In a segmented system, each data structure is typically assigned to a particular segment. Thus, a segments might be dedicated to each procedure or to each activation record on the stack in a fine- grained segmented system. In a coarse-grained use of segmenting, one segment might be reserved for the stack, another for the code, and a third for the global data of a program.

    On some systems, large segments are divided into pages.

    On paged systems, the virtual address is viewed as a single integer that indexes a word (or byte) in a single linear virtual address space.

    On segmented systems, the virtual address space may be a single linear space, or it may be divided into separate spaces. The 8086 is an example of the latter, where the segment being addressed is determined by the context. PUSH and POP reference the stack segment. Most loads and stores reference the data segment, and instruction fetches reference the code segment. (This default behavior may be overridden by special instruction prefixes).

  4. Paged Address Translation

    Here is a diagram of the data flow through the hardware used to translate a virtual address to a physical address in a simple paged virtual address translation memory management unit.

        Virtual Address from CPU
             | Page      |______________________
             | ___ _________       Word in Page |
             |  | |         |                   |
        array|__| |  Page   |         __________|
        index   | |   Table |        |
                V |         |        |
               -->| |       |        |
                  |_|_______|        |
                   |    |Frame       |
                 __|    |__          |
                |          |         |
                v     _____v_________v______
             Access  |__________|___________|
                     Physical Address to Memory
    The picture shown here shows the logical function of the memory management unit, but there are many possible physical organizations -- if the page table is large, it is not practical to store it in the MMU!

  5. The Contents of the Page Table

    The format of one entry in the page table will typically be something similar to the following:

        _ _ _  _______ ______________________
      | _ _ _ |_______|______________________|
          |       |              |
          |       |            Frame -- where is the
          |       |                     page stored.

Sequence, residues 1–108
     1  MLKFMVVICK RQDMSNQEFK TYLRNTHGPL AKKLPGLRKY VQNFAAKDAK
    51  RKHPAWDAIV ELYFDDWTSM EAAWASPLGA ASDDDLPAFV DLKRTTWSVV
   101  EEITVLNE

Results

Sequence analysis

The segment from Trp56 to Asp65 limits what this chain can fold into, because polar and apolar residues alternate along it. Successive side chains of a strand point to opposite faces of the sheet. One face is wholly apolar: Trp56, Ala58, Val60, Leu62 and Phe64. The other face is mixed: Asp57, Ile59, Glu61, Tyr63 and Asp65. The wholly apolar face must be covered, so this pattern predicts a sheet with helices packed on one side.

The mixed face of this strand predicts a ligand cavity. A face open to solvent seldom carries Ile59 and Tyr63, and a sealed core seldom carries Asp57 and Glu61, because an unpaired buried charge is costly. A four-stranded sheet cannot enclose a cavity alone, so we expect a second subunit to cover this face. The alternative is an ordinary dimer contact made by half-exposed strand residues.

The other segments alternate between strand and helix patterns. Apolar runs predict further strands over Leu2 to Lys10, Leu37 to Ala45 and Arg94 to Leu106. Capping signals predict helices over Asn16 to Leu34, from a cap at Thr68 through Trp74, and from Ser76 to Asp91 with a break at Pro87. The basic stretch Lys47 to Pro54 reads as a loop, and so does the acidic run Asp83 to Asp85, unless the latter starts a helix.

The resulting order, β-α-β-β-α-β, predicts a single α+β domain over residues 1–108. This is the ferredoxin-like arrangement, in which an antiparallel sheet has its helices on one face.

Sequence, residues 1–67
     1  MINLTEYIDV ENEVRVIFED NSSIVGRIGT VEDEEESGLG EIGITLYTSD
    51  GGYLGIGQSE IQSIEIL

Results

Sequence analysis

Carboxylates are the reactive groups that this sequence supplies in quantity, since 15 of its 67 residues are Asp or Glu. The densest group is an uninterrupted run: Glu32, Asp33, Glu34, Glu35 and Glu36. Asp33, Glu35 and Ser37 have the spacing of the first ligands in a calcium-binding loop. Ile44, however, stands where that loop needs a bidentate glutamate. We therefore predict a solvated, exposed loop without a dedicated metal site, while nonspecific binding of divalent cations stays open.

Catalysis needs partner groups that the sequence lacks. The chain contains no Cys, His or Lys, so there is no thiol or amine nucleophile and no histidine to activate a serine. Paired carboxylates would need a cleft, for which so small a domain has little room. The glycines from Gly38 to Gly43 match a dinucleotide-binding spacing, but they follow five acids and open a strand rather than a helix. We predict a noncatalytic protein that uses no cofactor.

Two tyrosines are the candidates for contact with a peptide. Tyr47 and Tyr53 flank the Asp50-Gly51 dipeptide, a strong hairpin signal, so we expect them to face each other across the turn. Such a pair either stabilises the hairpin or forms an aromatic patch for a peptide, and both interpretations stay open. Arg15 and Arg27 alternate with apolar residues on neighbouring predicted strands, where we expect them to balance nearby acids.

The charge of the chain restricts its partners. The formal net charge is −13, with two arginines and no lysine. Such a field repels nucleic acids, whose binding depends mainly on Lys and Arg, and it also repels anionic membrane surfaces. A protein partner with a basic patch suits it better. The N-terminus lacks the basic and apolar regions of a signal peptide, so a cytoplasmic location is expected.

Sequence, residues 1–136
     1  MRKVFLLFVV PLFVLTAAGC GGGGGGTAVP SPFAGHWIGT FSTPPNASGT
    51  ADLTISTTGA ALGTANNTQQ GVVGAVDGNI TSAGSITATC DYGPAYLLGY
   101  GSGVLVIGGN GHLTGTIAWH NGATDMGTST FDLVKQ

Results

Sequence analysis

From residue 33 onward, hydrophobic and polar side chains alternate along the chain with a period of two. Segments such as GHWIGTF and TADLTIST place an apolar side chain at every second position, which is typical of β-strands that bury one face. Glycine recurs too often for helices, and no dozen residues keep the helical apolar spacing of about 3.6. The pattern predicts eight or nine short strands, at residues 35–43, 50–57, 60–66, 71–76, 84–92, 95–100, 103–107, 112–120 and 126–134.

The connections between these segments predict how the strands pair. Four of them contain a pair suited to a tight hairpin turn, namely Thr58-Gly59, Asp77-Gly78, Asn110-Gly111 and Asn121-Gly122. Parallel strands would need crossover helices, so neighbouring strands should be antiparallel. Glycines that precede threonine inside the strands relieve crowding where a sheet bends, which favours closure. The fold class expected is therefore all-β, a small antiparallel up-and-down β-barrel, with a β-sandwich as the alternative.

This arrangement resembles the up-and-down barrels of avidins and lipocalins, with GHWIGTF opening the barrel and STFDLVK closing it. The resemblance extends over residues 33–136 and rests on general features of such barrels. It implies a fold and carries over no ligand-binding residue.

|     Access
          |     Control -- what actions are allowed,
          |                by hardware on this page.
        Soft                         || invalid
        fields -- used by software   || read-only
                  to record other    || read-write
      (optional)  attributes of the  || execute-only
                  page.              || dirty
    Some hardware leaves space for software use in each page-table entry. This allows the system software to maintain additional attributes of pages that are not known to the hardware. On other systems, the sofware may have to allocate space for any such fields in a parallel array. In any case, the hardware does not interpret the soft fields in any way, and on some systems, the software may not need such fields.

  6. Brute Force Page Table Storage

    On systems with a small virtual address space, the page table can be stored in hardware registers within the memory management unit.

    Consider a machine with: 16 bits per virtual address, 8 bits to indicate which word in page, 8 bits to indicate which page.

    This requires 256 registers in the MMU to hold one page table.

    Thus, Even with special hardware, context switching may be quite slow compared to a machine where only the registers in the CPU are saved and restored.

    The above example is based on the MODCOMP Classic series of computers first sold in around 1973 (www.modcomp.com still exists). This were extensively used by NASA (in the space shuttle ground support system) and the oil industry (in real-time control of oil refineries and drilling operations). The machine had 16 registers of 16 bits each in the CPU, usable as 8 registers of 32 bits each.

  7. Alternatives for Page Table Storage

    The table can be stored in main memory. In this case, the MMU takes 2 memory cycles per memory reference, unless the table is store in main memory with a cache located in the MMU to speed access.